BWW Reviews: Texas Premiere of BONNIE AND CLYDE Hits Its Mark
Sometimes going against the grain pays off. Sadly, for the real life Bonnie and Clyde, going against the grain by becoming bank-robbing outlaws ended in their demise, but for the McCallum Fine Arts Academy and their musical production of Bonnie & Clyde, doing something daring and different is far more fruitful. Even when compared to productions starring more experienced, seasoned performers, Bonnie & Clyde is an exceptional accomplishment.
The musical-with book by Ivan Menchell, lyrics by Don Black, and music by Frank Wildhorn-tells the true story of Bonnie Parker (Hannah McEvilly) and Clyde Barrow (Jacob Roberts-Miller) and how they became two of the most wanted criminals of the 1930s. Like most of Frank Wildhorn's other shows, this one didn't succeed on Broadway (it closed after 33 previews and 36 regular performances), but despite being a Broadway flop, the show features Wildhorn's best work. While his other shows such as Jekyll & Hyde, The Scarlett Pimpernel, and Wonderland can be described as messy at best, this one has a clear vision and sound. The score is a catchy concoction of different musical styles, including country, bluegrass and gospel with relatively few of Wildhorn's patented pop power ballads. Menchell's book is quite strong as well. He never vilifies or glorifies the central characters, and while there are hints that their upbringing in the Great Depression and their dreams of glory may have contributed to their life of crime, Menchell never fully connects the dots, allowing the audience to come to their own conclusions as to why Bonnie and Clyde did what they did.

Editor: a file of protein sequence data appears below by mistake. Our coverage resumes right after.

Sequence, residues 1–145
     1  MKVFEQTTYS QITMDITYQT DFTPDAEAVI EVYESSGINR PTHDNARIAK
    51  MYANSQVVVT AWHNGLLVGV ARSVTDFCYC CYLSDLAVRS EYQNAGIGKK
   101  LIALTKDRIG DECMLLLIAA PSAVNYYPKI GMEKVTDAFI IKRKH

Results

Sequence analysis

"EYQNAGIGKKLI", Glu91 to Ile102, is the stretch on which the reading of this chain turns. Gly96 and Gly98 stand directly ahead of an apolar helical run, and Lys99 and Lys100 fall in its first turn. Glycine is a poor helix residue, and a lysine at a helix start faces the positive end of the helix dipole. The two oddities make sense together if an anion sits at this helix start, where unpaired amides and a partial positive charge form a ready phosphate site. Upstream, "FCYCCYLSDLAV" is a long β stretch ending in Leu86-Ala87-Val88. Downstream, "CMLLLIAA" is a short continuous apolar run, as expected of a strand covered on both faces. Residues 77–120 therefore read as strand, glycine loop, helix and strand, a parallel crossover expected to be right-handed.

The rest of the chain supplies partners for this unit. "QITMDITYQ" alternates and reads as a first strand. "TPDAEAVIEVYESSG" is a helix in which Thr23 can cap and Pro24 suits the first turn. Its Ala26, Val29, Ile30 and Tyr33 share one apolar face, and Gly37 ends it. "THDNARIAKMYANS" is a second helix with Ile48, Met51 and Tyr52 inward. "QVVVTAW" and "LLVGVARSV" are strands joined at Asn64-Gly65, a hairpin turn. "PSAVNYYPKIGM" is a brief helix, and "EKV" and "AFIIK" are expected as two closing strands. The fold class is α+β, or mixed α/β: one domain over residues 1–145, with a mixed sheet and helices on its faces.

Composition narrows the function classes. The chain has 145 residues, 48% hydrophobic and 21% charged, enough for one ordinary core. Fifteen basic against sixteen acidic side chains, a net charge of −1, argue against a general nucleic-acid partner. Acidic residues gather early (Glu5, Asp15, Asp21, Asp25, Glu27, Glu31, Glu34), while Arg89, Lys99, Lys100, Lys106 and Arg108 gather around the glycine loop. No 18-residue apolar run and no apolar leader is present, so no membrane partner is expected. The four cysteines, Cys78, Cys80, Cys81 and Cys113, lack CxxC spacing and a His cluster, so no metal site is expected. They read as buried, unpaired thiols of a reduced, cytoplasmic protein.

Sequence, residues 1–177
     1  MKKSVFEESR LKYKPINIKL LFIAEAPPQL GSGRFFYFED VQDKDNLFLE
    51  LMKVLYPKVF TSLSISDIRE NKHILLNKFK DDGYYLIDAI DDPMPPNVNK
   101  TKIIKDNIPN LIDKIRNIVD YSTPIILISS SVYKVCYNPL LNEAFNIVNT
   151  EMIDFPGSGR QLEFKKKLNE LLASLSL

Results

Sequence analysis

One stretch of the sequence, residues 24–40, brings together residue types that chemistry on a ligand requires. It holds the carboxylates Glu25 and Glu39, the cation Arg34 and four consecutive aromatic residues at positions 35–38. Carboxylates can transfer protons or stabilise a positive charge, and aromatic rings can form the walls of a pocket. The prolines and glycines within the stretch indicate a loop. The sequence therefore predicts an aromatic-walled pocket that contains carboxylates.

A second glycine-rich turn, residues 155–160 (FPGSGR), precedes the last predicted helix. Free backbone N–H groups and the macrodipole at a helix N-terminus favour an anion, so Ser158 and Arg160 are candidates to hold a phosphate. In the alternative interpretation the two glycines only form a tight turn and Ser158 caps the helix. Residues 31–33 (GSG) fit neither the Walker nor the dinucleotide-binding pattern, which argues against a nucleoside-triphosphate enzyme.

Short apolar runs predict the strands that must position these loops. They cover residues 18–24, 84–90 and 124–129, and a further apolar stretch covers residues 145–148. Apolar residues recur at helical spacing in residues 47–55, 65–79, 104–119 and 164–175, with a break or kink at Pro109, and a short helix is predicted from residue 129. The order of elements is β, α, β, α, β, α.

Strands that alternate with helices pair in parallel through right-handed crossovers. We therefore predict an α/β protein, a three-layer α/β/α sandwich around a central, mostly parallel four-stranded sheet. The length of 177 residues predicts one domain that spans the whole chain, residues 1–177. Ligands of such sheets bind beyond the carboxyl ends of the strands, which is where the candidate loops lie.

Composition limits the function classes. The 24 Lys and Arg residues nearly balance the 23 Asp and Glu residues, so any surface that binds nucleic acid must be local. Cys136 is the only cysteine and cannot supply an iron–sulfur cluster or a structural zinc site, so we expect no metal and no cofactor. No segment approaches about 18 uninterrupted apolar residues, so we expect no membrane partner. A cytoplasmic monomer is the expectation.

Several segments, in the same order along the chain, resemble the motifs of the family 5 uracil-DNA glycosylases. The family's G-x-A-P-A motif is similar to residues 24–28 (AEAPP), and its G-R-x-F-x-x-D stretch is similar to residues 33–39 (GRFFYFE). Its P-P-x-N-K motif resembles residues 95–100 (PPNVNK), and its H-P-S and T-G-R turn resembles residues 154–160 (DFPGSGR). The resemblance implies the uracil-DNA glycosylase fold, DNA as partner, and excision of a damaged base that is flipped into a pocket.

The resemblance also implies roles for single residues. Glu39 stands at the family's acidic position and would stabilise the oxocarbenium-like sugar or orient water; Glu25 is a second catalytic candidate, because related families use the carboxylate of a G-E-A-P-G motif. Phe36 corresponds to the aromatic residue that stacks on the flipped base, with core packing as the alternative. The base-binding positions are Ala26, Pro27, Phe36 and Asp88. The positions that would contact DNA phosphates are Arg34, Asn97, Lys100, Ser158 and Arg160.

Director Joshua Denning does a fantastic job of bringing the characters and dustbowl setting to life. The characters and relationships are pinpoint sharp, and as scenic designer, Denning has created a claustrophobic environment which constantly traps Bonnie and Clyde. Costume designers Sara Walls and Dominoe Jones, both high school students, provide the production with countless dustbowl style outfits, and their recreation of Bonnie's iconic burgundy dress and jacket is a very clever touch.
Hannah McEvilly and Jacob Roberts-Miller are astonishing as Bonnie and Clyde. Roberts-Miller gives Clyde a down home, southern drawl and an almost rock star, Mick Jaggerish swagger, both of which enhance the character. He also plays the role as the occasionally arrogant and constantly determined ringleader of the Barrow clan. As Clyde says, "Everyone's got dreams, but I've got plans," and his plans are the driving force of the show and the impetus for the downfall of Bonnie and Clyde. As Clyde's sweetheart and accomplice, McEvilly gives Bonnie an unexpected sweetness and innocence. Her looks and voice may be more suited for a Disney princesses or classic musical theater ingénue which makes McEvilly a seemingly unconventional but absolutely perfect choice for the role. After all, the real Bonnie Parker was a hopeless romantic and a poet, two aspects of her personality which the show brilliantly brings to the forefront. As a team, the chemistry between Roberts-Miller and McEvilly is undeniable. The real Bonnie and Clyde followed each other to their death, and the partnership between these two is just as clear and strong.
Connor Barr and Sage Stoakley are equally as strong as Buck and Blanche Barrow, Bonnie and Clyde's foils and partners. Barr plays Buck as a pushover whose easily manipulated by his brother, Clyde, and his wife, Blanche, and though he may not have as much material to work with, Barr makes the most of every moment he has on stage. As Blanche, Stoakley milks the show's only comedic role. She's hysterical in the first act as she plays up Blanche's judgmental, religious side, but she's equally good in the second act when she gets more serious, meaty material to work with, and her voice is gorgeous. Two of the cast's supporting members also give fantastic performances. Loretta Adams turns the character of Bonnie's mother into more than a worried parent, and Kendrick Knight is wonderful as Ted Hinton, a policeman who pines for Bonnie but ultimately must bring her and Clyde down.
While it may be unconventional for a High School to receive the Texas Premiere of a new Broadway musical, McCallum Fine Arts Academy is by no means a conventional High School. Their student performers and designers as just as professional as anyone else, and as complex and difficult as Bonnie and Clyde is, the cast and team at McCallum pulls it off. Like the characters at its core, Bonnie and Clyde is daring, bold and fearless as it breaks from the status quo.